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I, who ere-while the happy garden sung,
Thou Spirit, who led'st this glorious Eremite
7 waste] Spens. Fairy Queen, i. i. 32.
Far hence, quoth he, in wasteful wilderness,' Dunster. 14 summ'd] Drayton's Polyolbion. Song xi. The muse from Cambria comes, with pinions summ'd and sound.'
Todd. VOL. JI.
Now had the great Proclaimer, with a voice More awful than the sound of trumpet, cry'd Repentance, and heaven's kingdom nigh at hand 20 To all baptiz’d: to his great baptism flock'd With awe the regions round, and with them came From Nazareth the Son of Joseph deem’d, To the flood Jordan; came, as then obscure, Unmarkt, unknown; but him the Baptist soon Descry'd, divinely warn’d, and witness bore As to his worthier, and would have resign'd To him his heavenly office, nor was long His witness unconfirm’d: on him baptiz'd Heaven open'd, and in likeness of a dove The Spirit descended, while the Father's voice From heaven pronounc'd him his beloved Son. That heard the adversary, who, roving still About the world, at that assembly fam’d Would not be last, and, with the voice divine Nigh thunder-struck, th’ exalted man, to whom Such high attest was giv'n, a while survey'd With wonder; then, with envy fraught and rage, Flies to his place, nor rests, but in mid air To council summons all his mighty peers, Within thick clouds and dark ten-fold involv'd, A gloomy consistory; and them amidst With looks aghast and sad he thus bespake.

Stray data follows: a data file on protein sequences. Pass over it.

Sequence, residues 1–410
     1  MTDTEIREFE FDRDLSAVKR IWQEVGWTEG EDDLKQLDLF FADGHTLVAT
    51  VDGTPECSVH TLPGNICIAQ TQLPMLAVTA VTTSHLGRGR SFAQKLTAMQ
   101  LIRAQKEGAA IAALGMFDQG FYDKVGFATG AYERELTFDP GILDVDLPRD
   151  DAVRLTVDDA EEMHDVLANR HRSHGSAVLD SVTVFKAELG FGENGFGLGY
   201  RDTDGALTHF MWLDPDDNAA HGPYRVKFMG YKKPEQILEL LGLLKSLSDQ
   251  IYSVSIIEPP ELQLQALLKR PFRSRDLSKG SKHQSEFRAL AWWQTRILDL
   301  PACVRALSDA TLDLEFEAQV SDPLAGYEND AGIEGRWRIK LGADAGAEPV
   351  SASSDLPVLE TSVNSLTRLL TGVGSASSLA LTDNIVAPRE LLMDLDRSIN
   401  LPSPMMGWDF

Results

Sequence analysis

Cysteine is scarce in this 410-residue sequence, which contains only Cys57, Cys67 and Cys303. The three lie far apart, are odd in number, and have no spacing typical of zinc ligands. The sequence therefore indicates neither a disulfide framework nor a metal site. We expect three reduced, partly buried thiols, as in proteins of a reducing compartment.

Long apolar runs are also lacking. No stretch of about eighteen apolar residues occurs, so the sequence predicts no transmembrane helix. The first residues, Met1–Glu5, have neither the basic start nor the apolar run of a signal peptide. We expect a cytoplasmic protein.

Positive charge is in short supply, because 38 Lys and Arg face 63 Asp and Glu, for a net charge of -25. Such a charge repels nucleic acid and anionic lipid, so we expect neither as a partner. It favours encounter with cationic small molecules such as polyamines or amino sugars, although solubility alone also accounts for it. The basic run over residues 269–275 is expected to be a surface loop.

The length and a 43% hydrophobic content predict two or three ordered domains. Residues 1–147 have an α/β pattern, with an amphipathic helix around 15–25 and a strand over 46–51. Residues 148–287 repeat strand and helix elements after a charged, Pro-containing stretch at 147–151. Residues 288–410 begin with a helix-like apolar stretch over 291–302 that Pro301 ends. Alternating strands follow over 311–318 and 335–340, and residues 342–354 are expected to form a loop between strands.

42 consistory] Virg. Æn. iii. 677.
Concilium horrendum.' Thyer. 42 gloomy consistory) See Dante Il Paradiso, xxix. 66.
• Omai dintorno a questo consistoro
O ancient Powers of air and this wide world,
57 circling] So P. L. vi. 3. vii. 342, · Circling years.' Dunster.
67 youth's full flow'r] Hom. Il. iv. 484, ens årbos. Lucret. i. 565, ævi contingere florem. iii. 771, ætatis tangere florem. Sil. Ital. xvi. 406, primeve flore juventæ.
Before him a great prophet to proclaim
82 crystal] •Crystal was a favourite expression among our elder poets for • bright.' It occurs nearly twenty times in Milton. It is often used, when no allusion to 'crystal’ as a substance is meant, as in Shakesp. Hen. VI. p. i. act i. sc. 1. Brandish your crystal tresses in the sky.' Dekker's Satiromastix, Sig. K. 4, ed: 1602, Bow their crystal knees.'
Ye see our danger on the utmost edge
He ended, and his words impression left
94 edge) Shakesp. All's Well, &c. Act iii. sc. 3.
• We'll strive to bear it for your worthy sake
Newton. 97 well-woven] Sil. Ital. iii. 233.
• Docilis fallendi, et nectere tectos
Dunster. 104 waft] P. L. ii. 1041.
• Now with ease,